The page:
Alumni Spotlight: Meredith McConnochie
Meredith McConnochie credits her exposure to both Psychology and Hispanic Studies for setting her on the path to her current career
By KellyAnn Tsai
Meredith McConnochie came to Carnegie Mellon University for soccer. “I really appreciated that the soccer players had a good balance between academics and athletics,” said McConnochie, who played for the CMU Women’s Soccer team from 2000 to 2004. But beyond that, “I didn’t really have in mind what I wanted to study.”
Four years later, McConnochie would graduate from CMU with a major in Psychology, a minor in Hispanic Studies, and a foundation for her life’s future work.
Today, McConnochie is Assistant Professor of Education and Director of Graduate Early Childhood-Special Education Program at the University of Saint Joseph, where she teaches courses for the university’s Early Childhood-Special Education and Teaching English to Speakers of Other Languages (TESOL) programs. Her professional focus on early childhood language learning stems from McConnochie’s four years at Carnegie Mellon, specifically the unique combination of her coursework in Psychology and Hispanic Studies.
One particularly influential figure for McConnochie was Sharon Carver, Director of the Carnegie Mellon Children’s School and Teaching Professor of Psychology. Not only was McConnochie fascinated by Carver’s courses in developmental psychology, but she also saw in Carver a role model.
“I remember thinking, ‘Sharon Carver has the perfect job of teaching and still doing research and being involved with kids,” recalled McConochie. “[Her] course is when I started realizing that’s something that I would want. I wanted to have her job.”
Another pivotal experience was an independent study with Brooke Feeney, Professor of Psychology, in the Relationships Lab. "That was very influential in my thinking about how exciting research was,” she said. McConnochie had another opportunity to observe relationships in the kindergarten classroom at the CMU Children’s School while taking a practicum course involving small group discussions about early childhood education.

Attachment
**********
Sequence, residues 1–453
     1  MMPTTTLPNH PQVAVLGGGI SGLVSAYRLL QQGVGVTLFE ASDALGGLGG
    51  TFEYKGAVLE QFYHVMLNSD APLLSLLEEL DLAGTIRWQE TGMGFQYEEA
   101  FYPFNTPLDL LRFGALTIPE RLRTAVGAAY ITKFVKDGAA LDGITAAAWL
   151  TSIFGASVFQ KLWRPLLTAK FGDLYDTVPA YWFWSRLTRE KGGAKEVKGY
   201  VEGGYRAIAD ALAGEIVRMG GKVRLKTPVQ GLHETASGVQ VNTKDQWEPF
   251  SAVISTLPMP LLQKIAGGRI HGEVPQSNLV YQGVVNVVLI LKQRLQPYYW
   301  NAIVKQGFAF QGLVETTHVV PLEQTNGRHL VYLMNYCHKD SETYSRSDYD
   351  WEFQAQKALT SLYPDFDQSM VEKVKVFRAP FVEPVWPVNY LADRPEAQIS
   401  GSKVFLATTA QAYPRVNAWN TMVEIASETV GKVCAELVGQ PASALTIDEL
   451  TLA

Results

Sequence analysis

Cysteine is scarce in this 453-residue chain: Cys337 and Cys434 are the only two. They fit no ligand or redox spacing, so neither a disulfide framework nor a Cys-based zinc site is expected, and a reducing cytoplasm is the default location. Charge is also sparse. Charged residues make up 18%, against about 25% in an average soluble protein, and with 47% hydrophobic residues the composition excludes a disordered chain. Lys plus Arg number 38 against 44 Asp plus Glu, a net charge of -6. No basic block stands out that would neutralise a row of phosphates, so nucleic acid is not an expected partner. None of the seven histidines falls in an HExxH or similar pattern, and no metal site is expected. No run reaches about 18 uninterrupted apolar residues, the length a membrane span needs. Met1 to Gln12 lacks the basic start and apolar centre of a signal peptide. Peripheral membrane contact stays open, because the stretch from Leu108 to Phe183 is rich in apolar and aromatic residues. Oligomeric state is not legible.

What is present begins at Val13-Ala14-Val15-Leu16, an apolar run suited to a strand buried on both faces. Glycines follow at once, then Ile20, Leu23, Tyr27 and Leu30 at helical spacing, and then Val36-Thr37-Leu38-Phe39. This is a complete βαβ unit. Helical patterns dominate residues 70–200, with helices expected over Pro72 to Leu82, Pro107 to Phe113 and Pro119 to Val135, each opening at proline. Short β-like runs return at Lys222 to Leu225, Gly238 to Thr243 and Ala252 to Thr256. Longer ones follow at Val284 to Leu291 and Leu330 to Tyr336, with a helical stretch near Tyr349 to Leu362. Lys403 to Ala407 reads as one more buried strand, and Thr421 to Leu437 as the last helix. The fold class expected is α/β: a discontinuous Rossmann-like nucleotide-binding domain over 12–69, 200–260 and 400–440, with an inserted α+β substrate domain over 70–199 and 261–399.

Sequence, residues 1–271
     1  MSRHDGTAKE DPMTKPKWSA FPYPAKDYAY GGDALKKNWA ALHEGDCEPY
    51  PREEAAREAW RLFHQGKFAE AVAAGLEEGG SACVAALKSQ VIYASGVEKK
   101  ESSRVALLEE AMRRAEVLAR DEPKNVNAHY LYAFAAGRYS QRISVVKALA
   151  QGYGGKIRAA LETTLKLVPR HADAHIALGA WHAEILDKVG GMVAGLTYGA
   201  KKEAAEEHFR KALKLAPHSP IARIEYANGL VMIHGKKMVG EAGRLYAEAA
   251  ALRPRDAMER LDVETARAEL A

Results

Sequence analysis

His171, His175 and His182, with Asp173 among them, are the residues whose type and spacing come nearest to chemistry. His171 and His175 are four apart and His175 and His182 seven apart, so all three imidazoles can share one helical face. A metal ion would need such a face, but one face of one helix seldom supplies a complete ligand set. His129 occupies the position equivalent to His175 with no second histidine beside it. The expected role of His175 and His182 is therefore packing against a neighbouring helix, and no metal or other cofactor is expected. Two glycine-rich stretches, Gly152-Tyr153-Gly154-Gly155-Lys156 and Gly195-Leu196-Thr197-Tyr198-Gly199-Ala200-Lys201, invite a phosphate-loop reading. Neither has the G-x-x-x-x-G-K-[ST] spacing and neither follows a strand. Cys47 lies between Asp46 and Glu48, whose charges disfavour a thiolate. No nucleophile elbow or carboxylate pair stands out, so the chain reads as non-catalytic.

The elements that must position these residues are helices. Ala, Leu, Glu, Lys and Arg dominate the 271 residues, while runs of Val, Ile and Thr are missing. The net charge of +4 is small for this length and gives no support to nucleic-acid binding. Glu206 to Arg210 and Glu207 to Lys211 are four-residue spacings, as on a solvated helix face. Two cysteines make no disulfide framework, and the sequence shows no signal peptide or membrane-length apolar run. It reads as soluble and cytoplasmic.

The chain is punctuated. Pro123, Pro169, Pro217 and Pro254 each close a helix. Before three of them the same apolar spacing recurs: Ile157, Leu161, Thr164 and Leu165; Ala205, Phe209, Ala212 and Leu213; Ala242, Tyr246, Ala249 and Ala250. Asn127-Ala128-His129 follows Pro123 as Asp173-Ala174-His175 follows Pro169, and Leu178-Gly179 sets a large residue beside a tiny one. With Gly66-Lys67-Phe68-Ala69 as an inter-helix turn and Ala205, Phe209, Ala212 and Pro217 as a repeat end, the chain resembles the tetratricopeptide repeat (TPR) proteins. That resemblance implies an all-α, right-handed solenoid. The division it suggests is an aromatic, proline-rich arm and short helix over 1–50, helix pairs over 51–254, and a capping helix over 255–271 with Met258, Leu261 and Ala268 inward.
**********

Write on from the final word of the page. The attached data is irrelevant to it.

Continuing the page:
McConnochie’s work in early childhood research is coupled with a focus on language learning and education, an interest sparked by her experience as a Hispanic Studies minor in CMU’s Department of Modern Languages.
Modern Languages course 82-344 U.S. Latinos, taught by Therese Tardio, Teaching Professor of Hispanic Studies, was "super influential" in McConnochie's career. The course, which is still offered today, is an introduction to and analysis of the cultures, histories, and complexities of Latinidad in the 21st century United States. “That's where I first learned about bilingual education and the debates over how we teach students who speak another language at home.”
McConnochie also took a Modern Languages community outreach course with Susan Polansky, Teaching Professor of Hispanic Studies, which involved teaching Spanish at a local school in Pittsburgh. “That was the first time I ever went to a school to teach. That was exposure to a possible career path, and that’s related to what I’m doing now,” said McConnochie.
While at CMU, McConnochie also spent a summer abroad in Spain, which she says has given her a lens into the experience of language learning and living as an outsider.
“There’s nothing like studying abroad to understand what it’s like to be an outsider and how to navigate it,” she said. “When you realize all the differences across cultures that can exist and the different ways of interpreting others’ actions, it gives you a way of interacting with people that makes you less likely to jump to conclusions.”
Over the course of her professional career, these outsider experiences have helped McConnochie relate to many of her students.
“We’re always comparing stories about what goes wrong when you’re an outsider,” she said. Some of McConnochie’s own cultural and linguistic mishaps include nearly cutting off all her hair at a Spanish salon, and accidentally kissing an acquaintance on the lips after forgetting on which cheek dos besos (“two kisses”) should begin. “I went the wrong way!”
McConnochie credits her exposure to both Psychology and Hispanic Studies at CMU for setting her on the path to her current career. In particular, she found the hands-on coursework to be the most rewarding.
“The most meaningful and influential courses that I took [at CMU] involved really practical applications of knowledge and interacting with professors and peers,” she said. “Having the opportunity to do what the professionals do, with a mentor, was incredibly valuable.”
Knowing what she knows now, McConnochie recommends that all CMU students incorporate an interdisciplinary approach to their studies.
“Be exposed and engaged in many different fields,” she advised. “No matter what field you’re in, it is so beneficial to learn from the different humanities fields to understand the human experience.”